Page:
September 19, 2017: Oncotarget
Ixchel Lima-Posada, Cinthya Portas-Cortés, Rosalba Pérez-Villalva, Francesco Fontana, Roxana Rodríguez-Romo, Rodrigo Prieto, Andrea Sánchez-Navarro, Guadalupe L Rodríguez-González, Gerardo Gamba, Elena Zambrano, Norma A Bobadilla
This study evaluated if there is a sexual dimorphism in the acute kidney injury (AKI) to chronic kidney disease (CKD) transition and the time-course of the potential mechanisms involved in the dimorphic response. Female and male rats were divided into sham-operated or underwent 45-min renal ischemia (F + IR, and M + IR). All groups were studied at 24-h and 1, 2, 3, or 4-months post-ischemia. Additionally, oophorectomized rats were divided into sham or IR groups. After 24-h, AKI extent was simllar in females and males, but female rats exhibited less oxidative stress and increased renal GSH content...
September 25, 2017: Scientific Reports
Jing Liu, Sanjeev Kumar, Egor Dolzhenko, Gregory F Alvarado, Jinjin Guo, Can Lu, Yibu Chen, Meng Li, Mark C Dessing, Riana K Parvez, Pietro E Cippà, A Michaela Krautzberger, Gohar Saribekyan, Andrew D Smith, Andrew P McMahon
Though an acute kidney injury (AKI) episode is associated with an increased risk of chronic kidney disease (CKD), the mechanisms determining the transition from acute to irreversible chronic injury are not well understood. To extend our understanding of renal repair, and its limits, we performed a detailed molecular characterization of a murine ischemia/reperfusion injury (IRI) model for 12 months after injury. Together, the data comprising RNA-sequencing (RNA-seq) analysis at multiple time points, histological studies, and molecular and cellular characterization of targeted gene activity provide a comprehensive profile of injury, repair, and long-term maladaptive responses following IRI...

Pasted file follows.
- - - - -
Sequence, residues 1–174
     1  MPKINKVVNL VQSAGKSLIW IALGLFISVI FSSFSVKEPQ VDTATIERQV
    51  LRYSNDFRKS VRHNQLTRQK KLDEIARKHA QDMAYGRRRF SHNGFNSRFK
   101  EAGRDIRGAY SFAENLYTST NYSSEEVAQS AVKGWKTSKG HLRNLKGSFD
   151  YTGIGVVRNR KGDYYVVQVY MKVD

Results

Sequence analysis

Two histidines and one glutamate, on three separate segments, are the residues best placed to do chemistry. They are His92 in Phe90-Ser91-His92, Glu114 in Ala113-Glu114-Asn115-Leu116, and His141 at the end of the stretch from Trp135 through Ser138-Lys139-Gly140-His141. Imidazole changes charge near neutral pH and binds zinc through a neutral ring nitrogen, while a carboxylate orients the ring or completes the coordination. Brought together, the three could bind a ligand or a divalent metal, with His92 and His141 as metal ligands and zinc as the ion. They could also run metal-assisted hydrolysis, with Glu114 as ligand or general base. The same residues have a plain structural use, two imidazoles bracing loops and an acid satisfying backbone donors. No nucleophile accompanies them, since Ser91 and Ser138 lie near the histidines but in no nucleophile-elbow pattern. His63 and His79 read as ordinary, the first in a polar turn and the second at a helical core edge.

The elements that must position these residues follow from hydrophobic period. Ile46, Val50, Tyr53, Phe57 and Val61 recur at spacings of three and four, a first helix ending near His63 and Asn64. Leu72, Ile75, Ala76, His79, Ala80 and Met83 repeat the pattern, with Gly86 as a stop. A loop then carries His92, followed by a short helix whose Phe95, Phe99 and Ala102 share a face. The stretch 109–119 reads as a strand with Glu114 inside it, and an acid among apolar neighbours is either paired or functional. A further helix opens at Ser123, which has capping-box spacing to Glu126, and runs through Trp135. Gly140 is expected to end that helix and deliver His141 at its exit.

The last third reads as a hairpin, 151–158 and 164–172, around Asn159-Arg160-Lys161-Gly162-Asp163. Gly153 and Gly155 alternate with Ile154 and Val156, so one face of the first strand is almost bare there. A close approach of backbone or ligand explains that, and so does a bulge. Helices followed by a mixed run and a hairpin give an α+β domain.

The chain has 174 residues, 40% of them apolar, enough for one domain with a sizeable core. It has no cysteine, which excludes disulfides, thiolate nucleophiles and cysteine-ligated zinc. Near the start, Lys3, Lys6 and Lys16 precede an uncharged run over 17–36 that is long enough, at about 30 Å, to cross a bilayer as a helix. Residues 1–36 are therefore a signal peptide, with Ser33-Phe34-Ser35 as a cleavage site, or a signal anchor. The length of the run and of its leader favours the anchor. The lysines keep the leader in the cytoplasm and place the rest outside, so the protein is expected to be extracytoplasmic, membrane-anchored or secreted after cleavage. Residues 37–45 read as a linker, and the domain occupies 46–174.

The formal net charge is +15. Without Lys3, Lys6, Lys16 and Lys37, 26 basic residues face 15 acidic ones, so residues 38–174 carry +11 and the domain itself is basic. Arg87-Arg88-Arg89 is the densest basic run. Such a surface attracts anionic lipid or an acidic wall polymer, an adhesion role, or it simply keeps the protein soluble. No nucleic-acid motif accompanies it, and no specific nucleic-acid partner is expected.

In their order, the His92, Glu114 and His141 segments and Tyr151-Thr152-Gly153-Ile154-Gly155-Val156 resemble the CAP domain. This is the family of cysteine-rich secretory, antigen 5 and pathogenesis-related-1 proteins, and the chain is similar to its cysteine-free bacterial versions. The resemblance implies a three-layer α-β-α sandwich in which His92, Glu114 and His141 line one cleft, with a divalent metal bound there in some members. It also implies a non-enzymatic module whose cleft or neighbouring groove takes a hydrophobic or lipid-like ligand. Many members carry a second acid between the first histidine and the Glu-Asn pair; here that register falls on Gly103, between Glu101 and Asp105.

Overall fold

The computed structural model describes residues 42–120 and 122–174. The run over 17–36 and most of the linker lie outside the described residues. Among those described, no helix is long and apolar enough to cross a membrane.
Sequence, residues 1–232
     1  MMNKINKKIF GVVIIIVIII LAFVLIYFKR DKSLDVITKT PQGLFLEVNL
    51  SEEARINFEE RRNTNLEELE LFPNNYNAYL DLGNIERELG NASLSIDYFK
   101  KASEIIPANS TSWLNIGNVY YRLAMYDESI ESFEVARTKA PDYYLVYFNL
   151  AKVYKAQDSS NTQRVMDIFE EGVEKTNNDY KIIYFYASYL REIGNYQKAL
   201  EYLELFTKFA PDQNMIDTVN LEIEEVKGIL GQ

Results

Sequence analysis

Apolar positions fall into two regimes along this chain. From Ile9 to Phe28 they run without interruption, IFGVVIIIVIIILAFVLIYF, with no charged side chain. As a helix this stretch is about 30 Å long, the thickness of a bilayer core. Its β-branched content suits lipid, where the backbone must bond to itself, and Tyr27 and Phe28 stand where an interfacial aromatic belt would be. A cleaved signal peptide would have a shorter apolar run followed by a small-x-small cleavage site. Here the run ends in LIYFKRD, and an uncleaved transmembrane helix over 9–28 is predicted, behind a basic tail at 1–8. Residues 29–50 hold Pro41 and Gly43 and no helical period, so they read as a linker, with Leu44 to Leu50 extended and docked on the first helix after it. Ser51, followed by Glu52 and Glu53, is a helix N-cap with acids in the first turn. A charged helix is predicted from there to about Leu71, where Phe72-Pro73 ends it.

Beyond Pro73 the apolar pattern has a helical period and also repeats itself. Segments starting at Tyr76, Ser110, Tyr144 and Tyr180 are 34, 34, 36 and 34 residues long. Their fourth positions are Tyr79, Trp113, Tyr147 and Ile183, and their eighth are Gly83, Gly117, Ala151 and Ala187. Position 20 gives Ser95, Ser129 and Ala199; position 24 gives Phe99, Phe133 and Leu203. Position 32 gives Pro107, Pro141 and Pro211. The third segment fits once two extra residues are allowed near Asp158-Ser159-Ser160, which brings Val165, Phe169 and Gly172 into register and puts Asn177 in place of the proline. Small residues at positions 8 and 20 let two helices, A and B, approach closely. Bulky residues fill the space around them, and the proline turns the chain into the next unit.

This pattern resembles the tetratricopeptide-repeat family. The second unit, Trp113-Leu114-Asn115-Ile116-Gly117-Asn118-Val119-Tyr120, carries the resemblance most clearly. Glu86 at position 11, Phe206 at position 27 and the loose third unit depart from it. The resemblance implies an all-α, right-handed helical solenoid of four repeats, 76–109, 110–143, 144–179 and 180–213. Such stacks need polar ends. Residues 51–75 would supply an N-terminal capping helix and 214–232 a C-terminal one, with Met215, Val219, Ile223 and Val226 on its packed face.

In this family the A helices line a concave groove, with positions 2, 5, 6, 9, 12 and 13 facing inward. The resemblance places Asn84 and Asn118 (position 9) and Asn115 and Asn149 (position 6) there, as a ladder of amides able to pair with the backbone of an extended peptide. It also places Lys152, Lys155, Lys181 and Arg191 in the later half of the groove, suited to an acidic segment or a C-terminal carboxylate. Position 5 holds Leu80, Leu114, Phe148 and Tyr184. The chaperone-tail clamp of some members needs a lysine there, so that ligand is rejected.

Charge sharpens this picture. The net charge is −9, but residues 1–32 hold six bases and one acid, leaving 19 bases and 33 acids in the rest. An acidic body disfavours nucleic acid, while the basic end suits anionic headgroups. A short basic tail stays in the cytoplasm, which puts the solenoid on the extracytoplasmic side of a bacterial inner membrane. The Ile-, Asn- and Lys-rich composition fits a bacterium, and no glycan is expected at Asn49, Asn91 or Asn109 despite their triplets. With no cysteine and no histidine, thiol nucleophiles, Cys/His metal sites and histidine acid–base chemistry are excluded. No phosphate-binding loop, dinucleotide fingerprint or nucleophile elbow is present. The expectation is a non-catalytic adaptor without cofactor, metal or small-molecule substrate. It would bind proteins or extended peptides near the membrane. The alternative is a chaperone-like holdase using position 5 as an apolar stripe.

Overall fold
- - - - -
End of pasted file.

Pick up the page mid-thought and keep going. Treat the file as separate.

September 21, 2017: JCI Insight
Buyun Wu, Lulu Ma, Yongfeng Shao, Si Liu, Xiangbao Yu, Yamei Zhu, Xianrong Xu, Changying Xing, Huijuan Mao
BACKGROUND/AIMS: To evaluate the long-term outcomes of Chinese patients with cardiac surgery-associated acute kidney injury (CSA-AKI). METHODS: Patients who underwent cardiac surgery with a median 3-year follow-up were enrolled. The long-term survival rate and the incidence of chronic kidney disease (CKD) were recorded, and related risk factors were analyzed. RESULTS: Of all 1,363 patients, 457 (33.5%) developed CSA-AKI. The AKI patients had a lower 3-year survival rate (88...